Interview: Foxy Morons

We interviewed one of our favourite bands of the year so far, Foxy Morons! Unfortunately, it turns out they don’t exist anymore :(. But Amber and Edith were both happy enough to answer some questions for us, so here it is: The Rise and Fall of Foxy Morons, or: an interview about boredom, friendship and H2O.

 

What’s the ‘origin story’ of Foxy Morons?

Edith: Little Bands. The bi-annual event that encourages new life to spring out of our small town. It’s all about encouraging people from other bands and those who haven’t played to come together and make something great. According to its founder, Stuart Grant of Primitive Calculators a little band can only play once.. We definitely broke that rule. But ticked all the other boxes because the only member with solid musical experience is Amber!

You’ve just recently released your first EP; how does that feel? What’s the songwriting process like for you?

Amber: The EP was just for fun really, so we’d all have something to show our grand kids one day. It got a lot more attention than we expected! Our songwriting process has always been pretty relaxed – a lot of our songs came together while we were all jamming and hanging out or brainstorming ideas.

Now you’ve released the Foxy Morons EP, what’s next? Do you think there will be an album anytime soon?

Edith: I’m so sorry to say but the foxies are dead. The pull of the mainland has broken up the band. It was all about having fun, making our friends laugh and our dads incredibly proud of us. None of us could be happier and more thankful for the support and encouragement we’ve received. Amber and our drummer Celeste have a new project, Dolphin. I just played my first show with a new band, Just Jesus in May. Keep your ears out!

When I listen to your music I get the sense there’s a deep sense of friendship underlying it – hence my “I wish my friends were Foxy Morons” line in my review. Do you think that’s one of the essential things about being in a band together?

Amber: I think it’s definitely really important, even just to make it a lot funner to get together for band practices! But we weren’t all best friends when we started the band, so it’s been a process of getting to know each other better and becoming really close. We all have had pretty different reactions to playing shows, the stresses of being on stage and stuff, so it’s good to have support and that everyone’s personalities can work together.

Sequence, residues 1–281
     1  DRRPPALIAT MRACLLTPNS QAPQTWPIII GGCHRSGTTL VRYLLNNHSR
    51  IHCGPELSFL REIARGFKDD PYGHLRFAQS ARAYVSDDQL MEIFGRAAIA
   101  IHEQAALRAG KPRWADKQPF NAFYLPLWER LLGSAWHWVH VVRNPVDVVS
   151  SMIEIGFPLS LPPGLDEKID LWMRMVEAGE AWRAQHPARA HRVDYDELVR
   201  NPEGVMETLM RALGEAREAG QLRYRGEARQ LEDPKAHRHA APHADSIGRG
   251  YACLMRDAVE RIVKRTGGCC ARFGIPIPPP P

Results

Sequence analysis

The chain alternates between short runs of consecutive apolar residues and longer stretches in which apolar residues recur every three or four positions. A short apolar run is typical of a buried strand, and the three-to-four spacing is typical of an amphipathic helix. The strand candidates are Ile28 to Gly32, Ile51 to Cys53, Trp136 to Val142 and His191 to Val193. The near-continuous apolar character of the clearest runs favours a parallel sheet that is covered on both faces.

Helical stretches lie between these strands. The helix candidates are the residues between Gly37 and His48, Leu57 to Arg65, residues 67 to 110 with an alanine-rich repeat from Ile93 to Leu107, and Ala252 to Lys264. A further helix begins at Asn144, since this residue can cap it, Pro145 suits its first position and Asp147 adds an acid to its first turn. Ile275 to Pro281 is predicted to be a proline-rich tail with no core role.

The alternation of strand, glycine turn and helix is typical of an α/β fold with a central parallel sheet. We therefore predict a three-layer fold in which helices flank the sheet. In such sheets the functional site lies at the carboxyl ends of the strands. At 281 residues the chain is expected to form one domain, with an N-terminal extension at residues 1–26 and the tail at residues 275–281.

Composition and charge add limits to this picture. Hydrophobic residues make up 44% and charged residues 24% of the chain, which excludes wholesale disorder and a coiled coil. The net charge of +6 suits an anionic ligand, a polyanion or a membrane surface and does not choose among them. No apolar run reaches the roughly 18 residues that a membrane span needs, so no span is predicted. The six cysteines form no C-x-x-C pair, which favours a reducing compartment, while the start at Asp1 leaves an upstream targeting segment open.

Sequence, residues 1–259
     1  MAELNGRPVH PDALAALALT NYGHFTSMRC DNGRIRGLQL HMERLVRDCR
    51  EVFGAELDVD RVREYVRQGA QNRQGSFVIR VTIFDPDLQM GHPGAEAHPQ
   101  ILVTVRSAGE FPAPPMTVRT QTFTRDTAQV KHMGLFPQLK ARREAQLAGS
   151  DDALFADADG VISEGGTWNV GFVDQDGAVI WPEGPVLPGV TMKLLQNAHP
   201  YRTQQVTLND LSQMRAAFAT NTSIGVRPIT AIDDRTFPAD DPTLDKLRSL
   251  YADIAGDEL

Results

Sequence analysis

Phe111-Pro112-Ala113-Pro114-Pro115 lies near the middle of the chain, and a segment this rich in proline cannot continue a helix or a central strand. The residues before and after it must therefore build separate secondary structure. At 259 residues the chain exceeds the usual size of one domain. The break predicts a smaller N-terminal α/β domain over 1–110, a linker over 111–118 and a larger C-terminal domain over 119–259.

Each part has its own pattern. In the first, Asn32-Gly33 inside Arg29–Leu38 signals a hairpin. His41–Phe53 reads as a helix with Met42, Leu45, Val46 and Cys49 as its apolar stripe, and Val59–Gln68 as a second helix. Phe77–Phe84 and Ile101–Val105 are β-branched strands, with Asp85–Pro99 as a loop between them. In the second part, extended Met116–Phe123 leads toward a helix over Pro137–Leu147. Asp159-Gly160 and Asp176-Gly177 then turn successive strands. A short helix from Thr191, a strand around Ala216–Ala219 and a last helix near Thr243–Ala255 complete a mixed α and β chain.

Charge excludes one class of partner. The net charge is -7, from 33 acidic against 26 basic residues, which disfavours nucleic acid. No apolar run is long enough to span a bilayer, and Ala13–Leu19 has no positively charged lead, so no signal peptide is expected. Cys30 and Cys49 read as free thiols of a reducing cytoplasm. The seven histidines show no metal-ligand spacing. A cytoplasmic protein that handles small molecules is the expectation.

There’s also a sense of boredom in some of your songs – I’m especially thinking of ‘Ciggies’. Does this relate to living in a small city like Hobart? Or do you think it’s a more general kind of feeling as well?

Amber: I think there’s a sense of ennui in some of the songs, probably least subtly in ‘Ciggies’ but I’m not sure I’d say it’s all about small city life. I feel like personally I’ve been bored in New York and in Berlin and that maybe it’s more to do with being a young person in the world and having all these opportunities but you still find yourself sitting at the pub every weekend, not sure what to do so you end up smoking ciggies out the back. But as my mum says, ‘only boring people get bored’ so it might just be me.

‘Mainland’ could be the flipside of that, moving to the mainland, the big cities where ‘it’ is happening. Here’s that’s London of course, but I understand you’ve got the same with Australia? What kind of impact does that have on the creative community in Hobart?

Amber: It’s kinda of one of those inevitable parts of small city life I guess, the pull of bigger cities and more opportunities. It’s a bit of a cliche now – we’re definitely not the first Hobart band to write a slightly disparaging song about moving to Melbourne. I think Hobart is becoming a more and more fertile place for musicians and artists though – the rent is cheap and it’s really easy to sustain your lifestyle. There seems to be more people moving here from interstate as well, so it balances itself out a bit. And for us it makes every trip to Melbourne a big Tassie reunion party so it’s not too bad.

What inspired ‘Under the Sea’? I just can’t help laughing at that “oh no oh no H2O” line and I need to know where it came from!

Amber: Oh jeez, that line literally just came out of my head when I was messing around with an acoustic guitar and a face swap app on Edith’s phone that made me look like I was underwater. I just made up something about living in the ocean and it’s really fun but kinda bad because you can’t actually breathe. I definitely didn’t expect to have to play that song again in front of so many different people.

Who inspires you, both in terms of other bands as well as books, films, other people etc? I can definitely hear some Courtney Barnett in there, am I right? Also, any local bands you’d recommend to us?

Edith: Velvet Underground, anything with Nick Cave in it, Bob Dylan, The Modern Lovers, Brian Jonestown Massacre, Gun Club, Patti Smith, The Stooges and Kurt Vonnegut.

Tasmanian bands and solo projects: All The Weathers, Treehouse, The Native Cats, StarklaneMount Trout, Superimposed Flowers on Palestine, Nervous Breakdown, Unfolding Vostoks and Pines (Jim Spurr).

Amber: All those plus Hobart bands Heck, Transcriptions of Organ Music, Small Black Lambs, Filthy Little Star, Duowls, The Pits, and Stranger Still. And personally I’ve been listening to a lot of Cat Power, Sarah Mary Chadwick, Bjork, Molly Nilsson and Drake.

Thanks for answering our questions!

-- Beautiful Freaks, June 2, 2017